B-North aims to bring back brokers to the UK SME market
Fintech start-up B-North (also known as BankNorth) says it’s going to bring back the business-broker relationship to the UK small and medium enterprise (SME) market.
By combining this human connection with fintech to offer loans of up to £5 million within ten working days instead of the industry-standard four months, B-North is setting its sights high by focusing on becoming the top SME lender in the UK.
Founded by Santander and Atom Bank executives in 2018, the Manchester-based loan provider seeks to grasp a portion of the £20 billion debt SMEs feed into banks each year by delivering face-to-face appointments with brokers who are supported by in-house valuers and lawyers.
CEO and founder, Jonathan Thompson, tells FinTech Futures that British business owners “want to meet the people they’re working with,” despite the fact top banks have cut down on relationship teams which include brokers in the last ten years in a bid to digitise all their processes.
“Relationships have been broken,” says Thompson, who thinks it’s about time a bank re-focuses on the material finance generated through face to face interaction, rather than the micro-mass finance market tapped through digitisation.
He likens big banks to large department stores – “generally okay at doing lots of things”. The lender’s approach is, instead, to be a debt specialist and set up regional pods starting with Manchester, then Yorkshire, London and the Midlands. Eventually, it sees expansion into Northern Ireland and Scotland too.
For B-North, a fintech start-up from the north of the UK instead of the London bubble, it’s all about regionalisation. Thompson is convinced this more segmented strategy is “critical to the success of the UK economy”.
This is why the CEO calls B-North the “antithesis to everyone set up in London”. Instead of being distracted by a saturated market, it looks at the advent of open banking as an opportunity “to be an expert”.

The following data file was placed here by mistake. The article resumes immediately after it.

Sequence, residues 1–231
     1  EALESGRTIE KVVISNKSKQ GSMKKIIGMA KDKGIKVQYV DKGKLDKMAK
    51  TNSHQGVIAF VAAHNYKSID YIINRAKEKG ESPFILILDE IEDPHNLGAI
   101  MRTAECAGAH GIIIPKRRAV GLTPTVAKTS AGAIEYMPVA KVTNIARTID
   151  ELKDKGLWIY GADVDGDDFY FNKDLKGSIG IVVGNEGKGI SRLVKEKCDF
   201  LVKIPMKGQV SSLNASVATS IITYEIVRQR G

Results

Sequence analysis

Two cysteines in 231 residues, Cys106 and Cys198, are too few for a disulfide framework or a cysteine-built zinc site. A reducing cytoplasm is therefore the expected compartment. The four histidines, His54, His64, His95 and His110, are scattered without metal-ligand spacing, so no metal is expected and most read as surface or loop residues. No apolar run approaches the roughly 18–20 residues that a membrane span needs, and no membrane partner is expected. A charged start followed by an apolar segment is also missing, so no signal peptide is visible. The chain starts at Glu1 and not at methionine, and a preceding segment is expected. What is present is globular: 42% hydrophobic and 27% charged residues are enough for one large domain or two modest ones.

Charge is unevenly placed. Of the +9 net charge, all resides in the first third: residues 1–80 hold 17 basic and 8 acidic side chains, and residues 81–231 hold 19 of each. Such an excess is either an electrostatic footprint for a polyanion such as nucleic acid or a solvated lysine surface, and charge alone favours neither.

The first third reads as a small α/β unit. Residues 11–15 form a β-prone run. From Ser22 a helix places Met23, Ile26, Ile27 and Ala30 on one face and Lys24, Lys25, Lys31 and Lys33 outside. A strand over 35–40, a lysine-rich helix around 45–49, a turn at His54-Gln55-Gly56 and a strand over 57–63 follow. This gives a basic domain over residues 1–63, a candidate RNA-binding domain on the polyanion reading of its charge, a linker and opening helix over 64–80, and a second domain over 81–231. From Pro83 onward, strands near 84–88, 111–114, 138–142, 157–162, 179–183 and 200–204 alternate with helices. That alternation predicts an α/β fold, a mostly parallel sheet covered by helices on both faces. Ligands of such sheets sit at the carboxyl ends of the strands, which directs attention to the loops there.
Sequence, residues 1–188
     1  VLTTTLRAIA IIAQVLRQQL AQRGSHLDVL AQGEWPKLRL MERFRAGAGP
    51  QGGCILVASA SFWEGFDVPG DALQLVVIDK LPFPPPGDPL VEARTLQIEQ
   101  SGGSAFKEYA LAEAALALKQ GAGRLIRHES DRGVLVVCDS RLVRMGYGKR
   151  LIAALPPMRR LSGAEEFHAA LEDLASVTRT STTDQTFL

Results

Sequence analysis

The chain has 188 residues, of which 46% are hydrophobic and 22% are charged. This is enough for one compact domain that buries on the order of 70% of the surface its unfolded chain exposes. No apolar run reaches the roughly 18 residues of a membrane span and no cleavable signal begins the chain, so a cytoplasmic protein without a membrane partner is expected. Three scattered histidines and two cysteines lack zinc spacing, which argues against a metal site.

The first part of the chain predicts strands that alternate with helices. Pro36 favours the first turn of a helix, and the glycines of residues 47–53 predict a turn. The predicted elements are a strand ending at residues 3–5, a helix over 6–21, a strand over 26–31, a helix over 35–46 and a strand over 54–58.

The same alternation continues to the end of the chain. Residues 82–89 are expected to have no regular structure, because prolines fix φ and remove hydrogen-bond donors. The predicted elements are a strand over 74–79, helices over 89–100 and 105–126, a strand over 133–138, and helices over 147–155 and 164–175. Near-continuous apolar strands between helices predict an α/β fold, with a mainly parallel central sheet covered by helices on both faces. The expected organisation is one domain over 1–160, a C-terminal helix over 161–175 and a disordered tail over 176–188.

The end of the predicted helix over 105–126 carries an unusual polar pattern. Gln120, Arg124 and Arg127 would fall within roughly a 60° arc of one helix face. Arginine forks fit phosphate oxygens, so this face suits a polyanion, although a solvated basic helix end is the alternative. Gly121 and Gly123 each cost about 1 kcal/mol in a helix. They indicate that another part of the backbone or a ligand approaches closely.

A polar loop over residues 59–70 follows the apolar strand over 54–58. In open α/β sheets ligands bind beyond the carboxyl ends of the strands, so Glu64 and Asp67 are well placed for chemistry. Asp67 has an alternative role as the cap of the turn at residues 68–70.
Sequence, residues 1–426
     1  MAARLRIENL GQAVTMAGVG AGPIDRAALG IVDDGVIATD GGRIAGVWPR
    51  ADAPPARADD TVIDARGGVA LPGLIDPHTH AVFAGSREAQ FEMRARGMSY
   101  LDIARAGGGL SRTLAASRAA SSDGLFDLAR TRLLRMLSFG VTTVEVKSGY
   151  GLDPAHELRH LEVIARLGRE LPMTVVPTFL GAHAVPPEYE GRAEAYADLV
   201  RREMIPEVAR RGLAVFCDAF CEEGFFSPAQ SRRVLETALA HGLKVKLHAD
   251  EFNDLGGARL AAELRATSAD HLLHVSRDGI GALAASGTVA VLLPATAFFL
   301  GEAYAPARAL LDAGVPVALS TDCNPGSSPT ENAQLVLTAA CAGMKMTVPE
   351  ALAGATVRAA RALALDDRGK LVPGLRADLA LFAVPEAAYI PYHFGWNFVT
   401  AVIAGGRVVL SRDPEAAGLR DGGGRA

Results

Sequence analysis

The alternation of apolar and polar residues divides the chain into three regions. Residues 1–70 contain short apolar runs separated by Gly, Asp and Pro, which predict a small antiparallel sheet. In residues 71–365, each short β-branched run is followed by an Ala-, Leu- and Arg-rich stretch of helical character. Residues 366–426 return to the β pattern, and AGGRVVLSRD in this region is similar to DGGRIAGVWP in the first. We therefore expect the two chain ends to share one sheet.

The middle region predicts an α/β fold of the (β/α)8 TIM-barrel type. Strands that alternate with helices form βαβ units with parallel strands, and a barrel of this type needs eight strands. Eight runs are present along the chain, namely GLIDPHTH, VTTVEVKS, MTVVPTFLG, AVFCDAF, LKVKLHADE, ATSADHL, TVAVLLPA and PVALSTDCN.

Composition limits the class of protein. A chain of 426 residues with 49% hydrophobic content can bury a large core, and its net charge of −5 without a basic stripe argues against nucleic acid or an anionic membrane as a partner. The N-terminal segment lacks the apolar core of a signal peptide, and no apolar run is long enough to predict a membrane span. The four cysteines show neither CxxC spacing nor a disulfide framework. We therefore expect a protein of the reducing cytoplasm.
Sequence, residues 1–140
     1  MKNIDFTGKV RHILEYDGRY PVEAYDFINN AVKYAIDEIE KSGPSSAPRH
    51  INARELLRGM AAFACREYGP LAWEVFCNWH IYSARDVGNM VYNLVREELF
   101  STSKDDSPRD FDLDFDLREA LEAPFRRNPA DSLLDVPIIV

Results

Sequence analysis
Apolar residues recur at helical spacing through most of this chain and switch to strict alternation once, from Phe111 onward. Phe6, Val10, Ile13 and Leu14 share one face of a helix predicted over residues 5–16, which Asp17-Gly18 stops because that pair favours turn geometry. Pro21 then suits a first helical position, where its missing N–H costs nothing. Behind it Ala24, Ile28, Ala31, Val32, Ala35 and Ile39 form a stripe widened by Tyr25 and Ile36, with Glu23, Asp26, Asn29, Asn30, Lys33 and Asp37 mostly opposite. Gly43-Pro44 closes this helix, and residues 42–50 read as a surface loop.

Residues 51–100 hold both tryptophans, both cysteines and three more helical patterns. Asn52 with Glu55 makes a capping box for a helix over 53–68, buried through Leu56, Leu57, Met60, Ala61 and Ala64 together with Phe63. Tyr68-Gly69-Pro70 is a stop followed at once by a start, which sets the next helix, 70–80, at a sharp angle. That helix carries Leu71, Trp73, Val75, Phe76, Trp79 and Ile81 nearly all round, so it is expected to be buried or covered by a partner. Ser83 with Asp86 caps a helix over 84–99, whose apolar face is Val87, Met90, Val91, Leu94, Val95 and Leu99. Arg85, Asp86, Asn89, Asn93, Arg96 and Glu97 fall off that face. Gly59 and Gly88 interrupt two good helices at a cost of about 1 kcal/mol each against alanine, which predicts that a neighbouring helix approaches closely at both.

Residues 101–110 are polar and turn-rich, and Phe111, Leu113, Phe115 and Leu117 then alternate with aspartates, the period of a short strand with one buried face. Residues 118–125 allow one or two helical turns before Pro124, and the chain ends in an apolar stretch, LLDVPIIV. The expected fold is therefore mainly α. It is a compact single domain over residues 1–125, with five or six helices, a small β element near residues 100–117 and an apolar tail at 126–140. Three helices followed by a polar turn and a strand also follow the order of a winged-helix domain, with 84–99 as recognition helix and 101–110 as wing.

“That’s what people want”, says Thompson, who confirms the lender is still in the process of applying for its banking licence having been invited to apply by the regulator in August 2019. “We’re finding them [the regulators] very supportive,” he says, referring to the Prudential Regulation Authority (PRA) and the Financial Conduct Authority (FCA).
But Thompson warns the industry: “We’re not just a northern bank.” As well as securing investment backing from the Greater Manchester Combined Authorities (GMCA), the fintech is also in the process of raising an investment round in London to support its launch as a lender in 2020 and has already secured investments from various brokers.
Most recently, B-North appointed its chairman Ron Emerson CBE, who was the founding chair of the British Business Bank and trails a blue chip banking career spanning Standard Chartered Bank, Bank of America and Amsterdam Trade Bank.
Stating its niches in the market as a fintech offering bigger loans with a time to cash of two weeks and a promise for broker involvement at the face-to-face level, B-North is confident it can disrupt the traditional banking landscape.
With half the cost-income ratio of UK incumbents according to its CEO, this puts the fintech at a massive advantage to traditional banks.
Read on: SME lender B-North welcomes funding